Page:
The lives and foibles of the common man take center stage in traditional Bavarian style.
By Jackie Guigui-Stolberg
A cow bell clangs. Showtime! The curtain momentarily sinks deeper into folds on the stage floor before gliding upwards to reveal the opening scene: the kitchen-cum-sitting room of a farmhouse. A tiled stove, a rustic table and chairs, curtain-trimmed windows, on the walls an old clock, an alpine landscape, the portrait of a stern-looking ancestor. Next to mounted pairs of chamois goat horns, a crucifix hangs prominently in view. And so the Good Lord and his eternal admonitions will hover over the play’s characters as they go about their lives in the tightly-knit society of their farming village. They will try very hard to behave themselves or at least keep up appearances, alas, their baser impulses will get the better of them. They will lie and scheme for social, political, or financial advantage, then desperately try to extricate themselves from their own web of deceit. This is the stuff of a special type of nostalgic, comic entertainment found mainly in Bavaria: Bauerntheater—peasant theater.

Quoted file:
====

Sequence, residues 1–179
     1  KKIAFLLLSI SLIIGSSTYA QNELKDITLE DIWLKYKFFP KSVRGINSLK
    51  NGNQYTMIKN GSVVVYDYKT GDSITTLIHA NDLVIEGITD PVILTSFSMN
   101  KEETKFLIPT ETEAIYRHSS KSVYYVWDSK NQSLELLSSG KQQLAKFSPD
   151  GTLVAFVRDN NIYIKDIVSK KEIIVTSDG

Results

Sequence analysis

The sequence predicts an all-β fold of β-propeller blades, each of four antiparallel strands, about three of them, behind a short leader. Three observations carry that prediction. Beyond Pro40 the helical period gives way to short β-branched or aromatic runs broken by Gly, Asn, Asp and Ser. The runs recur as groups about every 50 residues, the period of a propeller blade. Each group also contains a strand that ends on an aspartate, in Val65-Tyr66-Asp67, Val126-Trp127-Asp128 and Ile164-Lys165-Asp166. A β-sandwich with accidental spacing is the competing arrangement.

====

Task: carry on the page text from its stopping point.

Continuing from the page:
Halb so schlimm; things are not all that bad. While the play’s characters suffer the consequences of their own mischief, the audience laughs and enjoys itself, knowing there’s sure to be a happy end. Bauerntheater is not tragedy. The spectators are not witnessing the fall of kings or heroes, or learning weighty moral messages about the vices of mankind. Bauerntheater is a particular type of Volkstheater, a general term for light-hearted stage entertainment for the common man that developed over time as a result of private initiatives, independent of a royal court or the state. With some ups and downs since the first Bauerntheater opened in the late 19th century, this genre has been enduringly popular even as—or maybe especially because—traditional farmers have become increasingly rare.
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